Disaster Zone

Riding Out the Storm in Naples

My sister and brother-in-law hunkered down in Naples for Irma.

by Eric Holdeman / September 11, 2017

Yesterday, Sunday, I was in contact with my sister periodically throughout the day. While they lost Internet and landline telephones, their cell service remained functional for the entire event.

They are located with a Naples address, but in Collier County, about 10 miles inland (13 feet above sea level) from the Gulf of Mexico. Eleven years ago they did a total remodel of their home, down to the studs, and put in all the hurricane mitigation measures they could. These included:

  • The roof is strapped down
  • Hurricane window glass
  • Hurricane garage doors
  • A ballistic curtain to protect their outdoor patio
  • A mondo hurricane front door
  • A natural-gas-fired 15 KW home generator, wired to the home

Other functional things they did in preparation for the storm was to bring in all their patio furniture and other items that could become missiles, blown by the wind. They also have what is called a "cage" in Florida speak, over their pool. They had slashed the screens to allow the wind and water to blow through.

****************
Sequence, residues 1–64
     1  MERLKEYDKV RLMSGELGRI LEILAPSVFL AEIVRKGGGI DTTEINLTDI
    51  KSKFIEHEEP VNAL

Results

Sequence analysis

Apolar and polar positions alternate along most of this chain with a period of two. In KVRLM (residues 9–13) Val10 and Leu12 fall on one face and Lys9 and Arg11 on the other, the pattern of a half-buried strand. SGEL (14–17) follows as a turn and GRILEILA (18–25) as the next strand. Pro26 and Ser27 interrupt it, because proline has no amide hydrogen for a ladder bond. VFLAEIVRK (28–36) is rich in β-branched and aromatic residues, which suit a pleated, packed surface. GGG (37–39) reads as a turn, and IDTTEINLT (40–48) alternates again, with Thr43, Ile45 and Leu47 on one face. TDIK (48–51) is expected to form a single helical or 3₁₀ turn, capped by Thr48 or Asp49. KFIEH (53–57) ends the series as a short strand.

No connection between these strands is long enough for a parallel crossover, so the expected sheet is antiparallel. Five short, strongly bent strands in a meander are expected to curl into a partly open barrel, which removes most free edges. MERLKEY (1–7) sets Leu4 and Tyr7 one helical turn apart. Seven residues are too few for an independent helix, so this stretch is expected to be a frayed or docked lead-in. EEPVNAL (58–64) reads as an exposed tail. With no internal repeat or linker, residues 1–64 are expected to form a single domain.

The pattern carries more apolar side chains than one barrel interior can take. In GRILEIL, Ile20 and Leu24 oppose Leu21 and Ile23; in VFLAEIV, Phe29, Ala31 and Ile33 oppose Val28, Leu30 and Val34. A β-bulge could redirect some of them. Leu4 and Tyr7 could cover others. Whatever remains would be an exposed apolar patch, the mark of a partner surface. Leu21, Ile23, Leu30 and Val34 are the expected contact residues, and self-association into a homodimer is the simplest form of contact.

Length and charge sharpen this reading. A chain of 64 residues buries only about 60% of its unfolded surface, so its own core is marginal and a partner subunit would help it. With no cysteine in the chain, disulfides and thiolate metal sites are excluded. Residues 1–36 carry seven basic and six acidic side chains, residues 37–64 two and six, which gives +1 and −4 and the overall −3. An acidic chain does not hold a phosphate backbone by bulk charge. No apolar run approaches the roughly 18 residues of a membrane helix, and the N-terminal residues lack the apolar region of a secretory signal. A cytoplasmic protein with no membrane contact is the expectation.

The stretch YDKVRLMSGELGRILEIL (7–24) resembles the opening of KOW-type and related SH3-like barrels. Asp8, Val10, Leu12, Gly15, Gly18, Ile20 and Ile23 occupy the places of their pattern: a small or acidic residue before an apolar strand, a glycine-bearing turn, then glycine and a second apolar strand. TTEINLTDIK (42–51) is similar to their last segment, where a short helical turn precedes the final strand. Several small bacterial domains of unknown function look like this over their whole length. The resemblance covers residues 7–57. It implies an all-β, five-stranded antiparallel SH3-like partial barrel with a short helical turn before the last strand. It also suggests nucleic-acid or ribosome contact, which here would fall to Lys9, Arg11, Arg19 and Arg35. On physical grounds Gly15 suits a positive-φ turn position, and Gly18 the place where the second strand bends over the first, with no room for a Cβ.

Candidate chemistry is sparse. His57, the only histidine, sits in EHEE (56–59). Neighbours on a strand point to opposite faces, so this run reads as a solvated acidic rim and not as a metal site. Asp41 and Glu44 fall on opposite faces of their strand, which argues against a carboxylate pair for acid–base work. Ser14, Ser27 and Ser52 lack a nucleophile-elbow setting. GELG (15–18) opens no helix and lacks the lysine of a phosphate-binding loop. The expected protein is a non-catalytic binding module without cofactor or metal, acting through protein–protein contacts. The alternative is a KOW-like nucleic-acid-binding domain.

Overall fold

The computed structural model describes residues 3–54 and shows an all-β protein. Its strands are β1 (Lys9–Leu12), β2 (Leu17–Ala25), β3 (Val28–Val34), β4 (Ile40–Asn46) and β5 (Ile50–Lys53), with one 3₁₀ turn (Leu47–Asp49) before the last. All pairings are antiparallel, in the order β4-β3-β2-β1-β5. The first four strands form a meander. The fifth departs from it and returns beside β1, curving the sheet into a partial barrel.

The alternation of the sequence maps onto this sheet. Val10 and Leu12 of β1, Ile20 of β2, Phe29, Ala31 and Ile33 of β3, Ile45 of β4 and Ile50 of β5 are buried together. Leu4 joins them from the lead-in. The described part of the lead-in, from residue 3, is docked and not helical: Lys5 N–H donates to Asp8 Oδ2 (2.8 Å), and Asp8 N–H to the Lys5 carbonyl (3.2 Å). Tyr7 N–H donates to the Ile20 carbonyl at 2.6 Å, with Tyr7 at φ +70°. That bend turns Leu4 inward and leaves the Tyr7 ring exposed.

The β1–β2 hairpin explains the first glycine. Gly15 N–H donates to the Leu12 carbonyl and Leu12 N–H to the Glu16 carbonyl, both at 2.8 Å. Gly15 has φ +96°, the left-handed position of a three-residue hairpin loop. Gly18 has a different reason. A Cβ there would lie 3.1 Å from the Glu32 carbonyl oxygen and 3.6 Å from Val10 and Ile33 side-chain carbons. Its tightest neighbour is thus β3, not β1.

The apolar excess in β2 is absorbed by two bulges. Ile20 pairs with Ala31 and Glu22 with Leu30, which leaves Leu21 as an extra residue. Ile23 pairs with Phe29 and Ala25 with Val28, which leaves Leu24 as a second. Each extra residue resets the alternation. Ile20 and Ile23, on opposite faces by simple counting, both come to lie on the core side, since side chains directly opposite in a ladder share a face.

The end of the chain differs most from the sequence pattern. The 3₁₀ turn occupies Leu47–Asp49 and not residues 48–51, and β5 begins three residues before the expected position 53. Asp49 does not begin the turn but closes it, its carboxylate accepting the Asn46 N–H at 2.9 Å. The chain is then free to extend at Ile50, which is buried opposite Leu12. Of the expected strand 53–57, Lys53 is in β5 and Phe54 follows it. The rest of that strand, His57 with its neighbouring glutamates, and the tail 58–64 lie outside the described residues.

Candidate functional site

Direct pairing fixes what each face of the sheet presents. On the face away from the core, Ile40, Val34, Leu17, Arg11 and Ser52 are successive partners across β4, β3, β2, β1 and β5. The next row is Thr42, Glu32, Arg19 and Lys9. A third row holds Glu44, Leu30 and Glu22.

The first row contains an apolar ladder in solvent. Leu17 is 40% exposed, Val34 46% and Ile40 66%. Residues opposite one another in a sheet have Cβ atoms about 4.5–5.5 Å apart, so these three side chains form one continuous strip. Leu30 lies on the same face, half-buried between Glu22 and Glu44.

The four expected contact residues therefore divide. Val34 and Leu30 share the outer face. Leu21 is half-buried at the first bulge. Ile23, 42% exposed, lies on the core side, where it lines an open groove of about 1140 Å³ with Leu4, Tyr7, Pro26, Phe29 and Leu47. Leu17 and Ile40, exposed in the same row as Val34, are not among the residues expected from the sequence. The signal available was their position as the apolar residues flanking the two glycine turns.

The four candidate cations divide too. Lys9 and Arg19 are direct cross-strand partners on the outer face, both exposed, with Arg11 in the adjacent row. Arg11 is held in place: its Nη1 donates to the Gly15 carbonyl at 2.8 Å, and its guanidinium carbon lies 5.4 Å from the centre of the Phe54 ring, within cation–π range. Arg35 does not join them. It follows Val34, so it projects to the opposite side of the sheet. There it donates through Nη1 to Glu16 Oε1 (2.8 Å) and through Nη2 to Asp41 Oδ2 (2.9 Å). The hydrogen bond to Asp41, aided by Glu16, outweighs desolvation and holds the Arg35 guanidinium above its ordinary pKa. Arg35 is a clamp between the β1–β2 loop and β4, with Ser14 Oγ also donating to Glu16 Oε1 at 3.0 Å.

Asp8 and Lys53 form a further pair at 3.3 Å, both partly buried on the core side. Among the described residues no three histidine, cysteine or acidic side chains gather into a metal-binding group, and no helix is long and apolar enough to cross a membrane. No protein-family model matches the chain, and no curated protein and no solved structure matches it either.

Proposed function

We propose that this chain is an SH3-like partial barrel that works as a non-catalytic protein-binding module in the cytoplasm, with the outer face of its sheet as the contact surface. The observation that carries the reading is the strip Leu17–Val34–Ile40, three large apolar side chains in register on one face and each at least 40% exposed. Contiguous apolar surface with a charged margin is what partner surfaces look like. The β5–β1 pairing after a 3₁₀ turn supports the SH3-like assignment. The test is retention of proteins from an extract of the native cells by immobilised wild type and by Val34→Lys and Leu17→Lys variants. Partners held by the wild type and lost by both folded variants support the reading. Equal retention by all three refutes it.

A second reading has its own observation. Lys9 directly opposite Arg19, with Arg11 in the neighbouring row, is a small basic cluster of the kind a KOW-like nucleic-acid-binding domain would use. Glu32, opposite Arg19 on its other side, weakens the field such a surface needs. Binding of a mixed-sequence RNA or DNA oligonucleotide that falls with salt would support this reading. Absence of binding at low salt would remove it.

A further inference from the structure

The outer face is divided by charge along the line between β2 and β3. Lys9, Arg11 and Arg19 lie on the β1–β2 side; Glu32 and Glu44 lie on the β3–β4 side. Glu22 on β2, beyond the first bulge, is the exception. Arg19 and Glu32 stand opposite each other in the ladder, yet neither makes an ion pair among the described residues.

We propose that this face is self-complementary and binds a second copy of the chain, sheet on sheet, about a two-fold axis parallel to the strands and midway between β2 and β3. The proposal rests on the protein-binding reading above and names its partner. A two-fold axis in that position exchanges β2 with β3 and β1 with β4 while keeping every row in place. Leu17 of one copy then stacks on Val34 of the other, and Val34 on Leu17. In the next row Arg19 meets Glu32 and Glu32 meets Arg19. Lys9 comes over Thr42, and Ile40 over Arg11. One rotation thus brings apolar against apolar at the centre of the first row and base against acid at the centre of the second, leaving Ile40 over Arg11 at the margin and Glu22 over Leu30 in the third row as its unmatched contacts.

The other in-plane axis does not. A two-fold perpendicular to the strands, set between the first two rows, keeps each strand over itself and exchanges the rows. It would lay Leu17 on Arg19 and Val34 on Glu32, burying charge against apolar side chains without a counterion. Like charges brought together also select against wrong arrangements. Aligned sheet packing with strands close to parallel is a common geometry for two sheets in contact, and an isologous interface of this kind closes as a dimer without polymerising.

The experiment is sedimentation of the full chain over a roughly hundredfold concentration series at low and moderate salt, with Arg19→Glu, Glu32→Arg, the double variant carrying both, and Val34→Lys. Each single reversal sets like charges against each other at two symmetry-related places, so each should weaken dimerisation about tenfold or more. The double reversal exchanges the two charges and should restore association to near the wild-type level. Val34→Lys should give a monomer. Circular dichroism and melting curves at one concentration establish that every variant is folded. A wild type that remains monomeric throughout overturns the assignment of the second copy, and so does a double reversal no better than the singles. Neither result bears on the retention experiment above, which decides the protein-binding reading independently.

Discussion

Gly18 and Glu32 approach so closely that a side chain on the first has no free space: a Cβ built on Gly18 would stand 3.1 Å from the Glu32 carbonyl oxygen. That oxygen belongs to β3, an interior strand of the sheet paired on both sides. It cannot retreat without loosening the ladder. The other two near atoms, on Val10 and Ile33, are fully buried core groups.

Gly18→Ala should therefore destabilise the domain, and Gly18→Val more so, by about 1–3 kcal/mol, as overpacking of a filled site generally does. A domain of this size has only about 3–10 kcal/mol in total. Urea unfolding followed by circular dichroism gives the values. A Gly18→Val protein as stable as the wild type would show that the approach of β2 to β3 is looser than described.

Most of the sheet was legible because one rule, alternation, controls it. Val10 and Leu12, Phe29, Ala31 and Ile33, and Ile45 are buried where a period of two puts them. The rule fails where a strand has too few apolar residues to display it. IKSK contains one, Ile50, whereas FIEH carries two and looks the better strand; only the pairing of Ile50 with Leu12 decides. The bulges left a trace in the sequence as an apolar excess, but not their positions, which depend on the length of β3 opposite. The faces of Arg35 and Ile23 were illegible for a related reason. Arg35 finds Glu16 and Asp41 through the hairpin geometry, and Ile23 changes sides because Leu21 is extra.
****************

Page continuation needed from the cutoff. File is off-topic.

All of the steps taken above paid off when Irma roared through their region. The eye passed over where they live (an opportunity to take the dog outside) and just before that eye they got the full brunt of the storm's winds — much stronger than the continuous 70 mph winds they had earlier in the day.

Now the clean-up begins. Part of their cage was damaged by a falling tree and there is debris everywhere. Power in their immediate area is underground, but I heard this morning that parts of Florida will take two weeks or more to get powered restored. There are over 17,000 electrical workers staged and now out there working in the region, once winds died down to 35 mph. 

Remember, disaster mitigation pays off!